This is the last entry about Memorial Day, our expectations for soldiers and the implications that these have for “ordinary” citizens and for foreign policy.

The Washington Post endorsed the invasion of Iraq and generally provided supportive coverage during the first months of the war.  However, they provided one type of coverage that went beyond the MO of what embedded reporters were supposed to do.  They had one reporter embedded with the troups and reporting on events such as the hundreds of Iraqis that gathered for the toppling of Saddam Hussein’s statute.  They also had another reporter not embedded with the troups, but following in their wake.  This reporter observed thousands demonstrating against our country’s invasion of their homeland, once our troops were comfortably out of sight.

This comparison of hundreds for us and thousands against us should provide a sobering perspective to the positive eyewitness reports we get from vets during Memorial Day speeches.  They get to see snapshots of Iraq that we do not, but those snapshots do not tell the whole story.  Even so, I think the bigger problem lies in them providing positive reports at all, regardless of how accurate those reports are.  Memorial Day should be for mourning fallen soldiers, not for vindicating current foreign policy.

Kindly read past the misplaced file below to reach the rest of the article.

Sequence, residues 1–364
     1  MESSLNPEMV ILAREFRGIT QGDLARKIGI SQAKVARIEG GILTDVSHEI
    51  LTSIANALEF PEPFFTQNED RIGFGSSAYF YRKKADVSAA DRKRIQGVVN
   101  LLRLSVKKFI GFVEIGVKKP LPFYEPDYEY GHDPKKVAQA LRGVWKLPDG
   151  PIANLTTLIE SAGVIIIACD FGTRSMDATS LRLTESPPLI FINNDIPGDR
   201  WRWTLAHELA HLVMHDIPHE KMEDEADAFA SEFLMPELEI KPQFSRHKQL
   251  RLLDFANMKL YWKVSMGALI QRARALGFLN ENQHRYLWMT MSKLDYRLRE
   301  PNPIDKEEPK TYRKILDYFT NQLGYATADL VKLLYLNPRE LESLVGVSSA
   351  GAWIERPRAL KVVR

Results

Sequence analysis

Soldiers are our current link to who we naturally are as humans, a species that evolved to serve each other in small social bands and willing to die for a cause.  I don’t think honoring them for being what we all should be is what Memorial Day should be about, trumping up the honorifics with the misinformation that they are dieing abroad to protect our freedoms at home, or trumping up their current successes.  The real purpose of that misinformation is to get “ordinary” citizens to blindly support leaders in their decisions of foreign intervention, which have been totally disastrous from the fifties on.  Even before the fifties we must balance out our participation in the World Wars with our acquired taste for overturning democratic governments and replacing them with military dictators in the Banana Republics.

Memorializing our fallen soldiers should not be a public relations event.  We should be truly mournful of the loss of those who have died tragically, and often due to tragic decisions.  We should be willing to learn from the past, for the sake of preventing future tragic losses of soldiers, rather than putting on a noble and successful spin to gain our patriotic support for whatever decisions of foreign intervention our government makes.  The most basic and important freedom of all is for us to think independently, based on what we experience and not on blind allegiance to paternal leaders, political parties or interest groups.  Our experiences should be telling us that there are now too few citizens ready to serve or willing to die, and we are losing too many of those who still hold on to these natural human attributes because of an increasingly paternal democracy.

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